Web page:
To overcome these issues, in 1988 the UK government decided to make the cervical screening test a national screening programme, something our researchers played a big role in. It meant organising the programme centrally, systematically inviting women for screening every few years, and contacting them if further tests are needed.HPV and Cervical Cancer Essay

The organised programme has played a huge role in substantially reducing rates of cervical cancer over the last 30 years and our researchers have provided the proof of just how effective it is: calculating the number of lives saved (around 5,000 every year) and the proportion of cancers prevented (about three-quarters).

But even when cells in the cervix show up as abnormal, it doesn’t necessarily mean they’ll lead to cancer – sometimes, abnormal cells can disappear of their own accord and don’t need treating. So researchers wondered whether there was a way to predict which abnormal cells were at higher risk of developing into cancer, and which were more likely to vanish.

Again, our researchers were involved. Professors Jack Cuzick and Anne Szarewski discovered they could re-test some abnormal cervical samples for the HPV virus to help answer this question. Women with borderline or mildly abnormal cells in their cervix who are also infected with high risk HPV types are at higher risk of cancer, and should be referred for further testing and possible treatment, while women not infected are less likely to develop cancer, so can safely go back to having normal screening every 3 years. This ‘HPV triage’ is now a routine part of cervical screening.HPV and Cervical Cancer Essay

So can the programme be improved further? The next big step is to swap around the order of the tests, so cells collected from women are tested for HPV first, and then examined under a microscope as a follow up. This seemingly small change could have a large impact: research has shown that it could save even more lives than the current test. And it would also mean that women would only need screening every five or six years (instead of three years as in the current programme). This approach is being piloted at the moment, and we’re campaigning to make this a reality for the future.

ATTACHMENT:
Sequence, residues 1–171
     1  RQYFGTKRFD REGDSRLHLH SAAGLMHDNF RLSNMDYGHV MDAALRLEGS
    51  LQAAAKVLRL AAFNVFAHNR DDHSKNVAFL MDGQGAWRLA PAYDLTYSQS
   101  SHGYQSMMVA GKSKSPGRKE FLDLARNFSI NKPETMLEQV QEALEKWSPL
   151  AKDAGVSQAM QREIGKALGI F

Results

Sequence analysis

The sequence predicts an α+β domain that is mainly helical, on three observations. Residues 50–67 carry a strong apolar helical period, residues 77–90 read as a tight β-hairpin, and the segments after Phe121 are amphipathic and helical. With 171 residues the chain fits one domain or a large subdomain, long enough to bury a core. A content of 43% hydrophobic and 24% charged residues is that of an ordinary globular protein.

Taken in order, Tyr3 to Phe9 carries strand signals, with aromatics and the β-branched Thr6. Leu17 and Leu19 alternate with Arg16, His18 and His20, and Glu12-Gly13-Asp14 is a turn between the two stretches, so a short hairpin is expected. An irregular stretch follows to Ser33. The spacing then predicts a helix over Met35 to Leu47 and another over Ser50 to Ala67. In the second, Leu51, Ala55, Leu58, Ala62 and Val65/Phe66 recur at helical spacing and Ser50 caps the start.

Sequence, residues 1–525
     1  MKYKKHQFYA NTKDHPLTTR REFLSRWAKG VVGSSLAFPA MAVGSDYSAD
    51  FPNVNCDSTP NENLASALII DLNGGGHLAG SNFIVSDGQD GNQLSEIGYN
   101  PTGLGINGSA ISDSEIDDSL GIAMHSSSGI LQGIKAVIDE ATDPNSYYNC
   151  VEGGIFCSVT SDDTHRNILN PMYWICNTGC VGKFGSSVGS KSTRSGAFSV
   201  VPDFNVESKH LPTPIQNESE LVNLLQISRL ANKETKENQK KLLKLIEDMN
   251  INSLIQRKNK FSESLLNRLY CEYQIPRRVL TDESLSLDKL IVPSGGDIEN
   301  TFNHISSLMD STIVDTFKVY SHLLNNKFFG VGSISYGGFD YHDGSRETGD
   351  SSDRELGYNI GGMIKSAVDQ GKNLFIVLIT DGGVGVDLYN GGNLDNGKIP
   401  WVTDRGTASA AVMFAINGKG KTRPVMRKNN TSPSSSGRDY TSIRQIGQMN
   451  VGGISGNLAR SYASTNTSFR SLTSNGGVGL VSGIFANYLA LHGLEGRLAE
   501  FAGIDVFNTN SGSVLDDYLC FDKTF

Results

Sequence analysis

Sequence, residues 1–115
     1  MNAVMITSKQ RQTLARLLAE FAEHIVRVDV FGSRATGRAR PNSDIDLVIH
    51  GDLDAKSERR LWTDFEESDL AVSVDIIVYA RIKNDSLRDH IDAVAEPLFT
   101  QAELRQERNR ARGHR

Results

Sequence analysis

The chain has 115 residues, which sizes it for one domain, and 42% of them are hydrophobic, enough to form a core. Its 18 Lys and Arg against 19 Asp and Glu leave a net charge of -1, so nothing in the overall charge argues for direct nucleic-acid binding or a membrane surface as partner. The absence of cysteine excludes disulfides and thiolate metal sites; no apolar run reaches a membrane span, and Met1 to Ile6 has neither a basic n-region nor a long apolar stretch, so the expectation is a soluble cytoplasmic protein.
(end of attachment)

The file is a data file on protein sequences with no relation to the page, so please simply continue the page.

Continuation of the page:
But while the national screening programme has dramatically reduced the number of women with cervical cancer in the UK, the bigger picture tells us there’s still a lot more to be done.HPV and Cervical Cancer Essay

Worldwide, cervical cancer is the fourth most common cancer in women, and disproportionally affects lower and middle income countries – around 85 per cent of women diagnosed live in regions such as Africa and Latin America where there is little (if any) cervical screening available and poor access to healthcare in general.

HPV is also linked to cancers of the mouth and throat, anus, vagina, vulva and penis. Despite the fact that only a small percentage of people infected with HPV go on to develop cancer, because the virus is so widespread it still accounts for a large number of cancer cases, causing around five in every 100 cases of cancer globally.HPV and Cervical Cancer Essay

But because these cancers are caused by a virus, this brings hope for prevention – through vaccination.

Protecting the next generation
The HPV vaccine had unusual, and agricultural, beginnings. In the 1950s, vets were looking for a vaccine for cattle to protect them from bovine papilloma virus, which can cause tumours in cows.